Microscopic morphology of C4.7 isolate after Gram staining showed Gram negative, rod-shaped bacteria. Ammonia-oxidizing bacteria belong to Gram negative with rod-shaped cells (length 0.6-4 pm), ellipsoid, spherical, and spiral. Cells are non-motile and motile with polar to subpolar or peritrichous flagella. All species activities run under aerobic conditions, the optimum growth temperature of 25-30[degrees]C, inactive at of 4[degrees]C, the optimum pH ranges from 7.5-8.0, colonizing on the media such as gravel, sand, and other synthetic media, requiring oxygen to convert inorganic compounds as a source of energy, and require CO2 as a carbon source. Its reproduction ratio is very slow (generation time at 20-40 hours) [20]. While C14.14 isolate is a Gram negative rod shaped bacteria. Nitrite-oxidizing bacteria is a rod shaped, pleomorphic, Gram negative, and usually nonmotile [20]. The growth of NOB is slow; the generation time varies from 8 hours to several days. The growth rate is controlled by the substrate concentration, temperature, pH, light, and oxygen concentration. Most of the NOB grow well at nitrite concentrations between 2-30 mM, pH 7.5-8.0 and 25-30[degrees]C [31].

Nitrification activity carried out by AOB and NOB is due to the role of the enzyme catalyzing the activity. AOB have two important enzymes, namely ammonium monooxygenase (AMO) which is located in integral membrane and plays role in oxidizing N[H.sub.4.sup.+]/NH3 into NH2OH (hidroxylamine). Furthermore, there is hydroxylamine oxidoreductase (HOA) enzyme, located in the periplasmic membrane which has a role in transforming NH2OH into N[O.sub.2.sup.-], whereas NOB use nitrite oxidoreductase enzymes to oxidize N[O.sub.2.sup.-] into NO3[23]. These three enzymes can catalyze reactions at a rate of millions of reactions per second. Reaction rate depends on the solution condition and substrate concentration. An increase in the substrate concentration tends to increase its activity. To determine maximum rate of an enzymatic reaction, substrate concentration is increased until the rate of product formation is constant.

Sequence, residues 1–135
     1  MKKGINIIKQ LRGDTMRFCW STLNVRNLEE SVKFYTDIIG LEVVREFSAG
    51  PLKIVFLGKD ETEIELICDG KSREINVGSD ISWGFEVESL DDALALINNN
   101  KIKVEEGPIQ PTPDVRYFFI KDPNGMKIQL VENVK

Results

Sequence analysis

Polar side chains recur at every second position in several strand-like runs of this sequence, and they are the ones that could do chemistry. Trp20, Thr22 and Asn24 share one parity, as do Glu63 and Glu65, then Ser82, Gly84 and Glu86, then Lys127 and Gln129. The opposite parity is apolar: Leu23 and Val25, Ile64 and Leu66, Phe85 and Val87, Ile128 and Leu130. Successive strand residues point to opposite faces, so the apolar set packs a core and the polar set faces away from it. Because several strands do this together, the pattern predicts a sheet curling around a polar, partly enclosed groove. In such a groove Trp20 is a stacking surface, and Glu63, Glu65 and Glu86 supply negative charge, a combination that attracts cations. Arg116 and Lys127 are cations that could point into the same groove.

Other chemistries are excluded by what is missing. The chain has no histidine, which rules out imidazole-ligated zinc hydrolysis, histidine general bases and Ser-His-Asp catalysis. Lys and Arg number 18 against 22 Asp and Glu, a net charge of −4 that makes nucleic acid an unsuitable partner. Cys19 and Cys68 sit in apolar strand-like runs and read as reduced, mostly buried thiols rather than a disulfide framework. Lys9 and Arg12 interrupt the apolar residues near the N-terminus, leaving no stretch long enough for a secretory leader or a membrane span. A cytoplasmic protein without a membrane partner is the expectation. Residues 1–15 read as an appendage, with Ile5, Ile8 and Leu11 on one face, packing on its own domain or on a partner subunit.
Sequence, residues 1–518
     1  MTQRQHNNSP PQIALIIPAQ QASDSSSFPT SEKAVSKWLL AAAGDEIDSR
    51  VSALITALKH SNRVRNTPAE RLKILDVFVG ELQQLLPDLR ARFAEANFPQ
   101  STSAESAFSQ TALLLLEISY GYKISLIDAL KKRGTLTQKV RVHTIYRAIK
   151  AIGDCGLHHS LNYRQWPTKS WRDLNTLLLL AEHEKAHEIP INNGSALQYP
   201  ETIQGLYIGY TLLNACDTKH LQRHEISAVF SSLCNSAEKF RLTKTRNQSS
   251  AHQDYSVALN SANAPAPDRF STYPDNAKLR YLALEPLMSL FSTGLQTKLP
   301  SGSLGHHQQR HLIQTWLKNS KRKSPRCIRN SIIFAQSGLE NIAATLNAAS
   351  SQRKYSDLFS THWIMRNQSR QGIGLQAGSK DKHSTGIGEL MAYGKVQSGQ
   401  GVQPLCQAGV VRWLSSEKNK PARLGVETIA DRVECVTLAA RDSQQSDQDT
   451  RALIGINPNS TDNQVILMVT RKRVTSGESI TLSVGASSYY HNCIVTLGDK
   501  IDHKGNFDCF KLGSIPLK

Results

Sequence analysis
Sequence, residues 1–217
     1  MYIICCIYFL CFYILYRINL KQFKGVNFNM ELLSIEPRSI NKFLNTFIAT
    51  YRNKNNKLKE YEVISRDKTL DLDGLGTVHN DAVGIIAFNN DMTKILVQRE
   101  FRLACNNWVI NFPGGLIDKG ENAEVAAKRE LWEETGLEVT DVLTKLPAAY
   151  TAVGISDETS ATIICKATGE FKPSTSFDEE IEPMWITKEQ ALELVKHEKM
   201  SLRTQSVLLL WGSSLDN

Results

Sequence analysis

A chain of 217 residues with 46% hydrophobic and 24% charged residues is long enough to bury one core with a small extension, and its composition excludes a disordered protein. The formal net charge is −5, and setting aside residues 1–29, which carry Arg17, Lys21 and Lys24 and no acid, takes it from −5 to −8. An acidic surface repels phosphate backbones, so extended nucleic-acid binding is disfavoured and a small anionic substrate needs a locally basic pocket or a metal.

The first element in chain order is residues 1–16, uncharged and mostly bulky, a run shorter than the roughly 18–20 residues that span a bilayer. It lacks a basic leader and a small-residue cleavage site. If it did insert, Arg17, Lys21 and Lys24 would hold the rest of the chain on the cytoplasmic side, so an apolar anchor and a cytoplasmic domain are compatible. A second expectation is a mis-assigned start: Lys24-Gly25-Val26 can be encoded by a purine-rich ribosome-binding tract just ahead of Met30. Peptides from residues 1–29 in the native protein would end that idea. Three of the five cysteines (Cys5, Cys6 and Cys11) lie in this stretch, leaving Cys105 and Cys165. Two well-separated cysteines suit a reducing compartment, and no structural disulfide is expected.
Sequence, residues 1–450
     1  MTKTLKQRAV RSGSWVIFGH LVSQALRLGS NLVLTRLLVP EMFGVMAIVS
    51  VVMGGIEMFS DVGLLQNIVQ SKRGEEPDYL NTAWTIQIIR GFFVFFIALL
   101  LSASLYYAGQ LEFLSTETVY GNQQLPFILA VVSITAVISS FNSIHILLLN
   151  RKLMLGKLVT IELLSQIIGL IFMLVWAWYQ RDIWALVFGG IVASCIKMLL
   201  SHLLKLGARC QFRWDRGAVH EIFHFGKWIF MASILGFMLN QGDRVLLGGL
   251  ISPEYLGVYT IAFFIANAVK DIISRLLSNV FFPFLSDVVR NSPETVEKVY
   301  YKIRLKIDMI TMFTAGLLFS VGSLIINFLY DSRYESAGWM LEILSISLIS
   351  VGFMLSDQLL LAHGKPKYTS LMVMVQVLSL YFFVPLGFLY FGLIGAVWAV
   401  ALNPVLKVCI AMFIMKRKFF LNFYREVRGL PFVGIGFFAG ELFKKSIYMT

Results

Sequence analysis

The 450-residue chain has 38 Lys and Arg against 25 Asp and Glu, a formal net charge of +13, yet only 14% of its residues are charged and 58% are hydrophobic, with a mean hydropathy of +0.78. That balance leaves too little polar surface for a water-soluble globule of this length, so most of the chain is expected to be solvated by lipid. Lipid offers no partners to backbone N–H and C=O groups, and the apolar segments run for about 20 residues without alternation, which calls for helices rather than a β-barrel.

An increase in the substrate concentration will increase V (rate) until the maximum velocity/speed value (Vmax) achieved (Fig 4) . If further increase in substrate concentration did not increase the reaction rate, enzyme is considered as saturated by the substrate. Michaelis-Menten equation shows the relationship between initial reaction velocity [V] with the substrate concentration [S]. Km value can be used in determining the affinity level of enzyme-substrate (ES) and is an indicator of E-S complex bond strength or an equilibrium constant for the dissociation of E-S complex into E and S [28]. Small Km value means steady E-S complex and high enzyme affinity to the substrate, vice versa. Km value of the enzyme varies greatly depending on the type of substrate, environmental conditions and ionic strength [38].

Vmax of C4.7 isolate was 24.3 [micro]M [mL.sup.-1] [h.sup.-1], which means that during the optimum condition, HOA and AMO enzymes could convert N[H.sub.4.sup.+] substrate into N[O.sub.2.sup.-] as much as 24.3 [micro]M [mL.sup.-1] per hour. Whereas the Vmax of C14.14 isolate was 5.1 mM [mL.sup.-1] [h.sup.-1], which means that during optimum condition, nitrite oxidoreductase enzyme could transform N[O.sub.2.sup.-] substrate into NO3- as much as 5.1 [micro]M [mL.sup.-1] per hour. Vmax of C4.7 AOB isolate was greater than C14.14 isolate, thus if both isolates were cultured in the same environment, nitrite accumulation would occur due to the non-occurenceof equilibrium between these two processes. If the accumulation of nitrite was occured, the nitrite ions would be absorbed into the blood, and when they were in contact with erythrocytes, nitrite would oxidize [Fe.sup.+2] in hemoglobin (Hb) into [Fe.sup.3+] to form methaemoglobin (MetHb). 30-40% of MetHb contents in the blood can cause clinical symptoms, and if its contents reach 8090%, it will cause death in livestock, fish, and humans [9]. In addition, nitrite that goes into the human body can lead to the formation of N-nitrosamines which can cause cancer in the digestive tract [2].

Km is the substrate concentration required by an enzyme to reach half of its maximum rate. Each enzyme has a different Km value for each substrate, and this fact can show the binding strength of the substrate to the enzyme. Km values obtained in this study for C4.7 and C14.14 isolates were 161.8 [micro]M and 100 [micro]M, respectively. On C4.7 and C14.14 isolates, nitrite oxidoreductase enzyme, AMO, and HOA have low enzyme affinity to N[O.sub.2.sup.-] substrate thus the reaction equilibrium was directed to the formation of enzyme-substrate complex resulting in a low yield of product.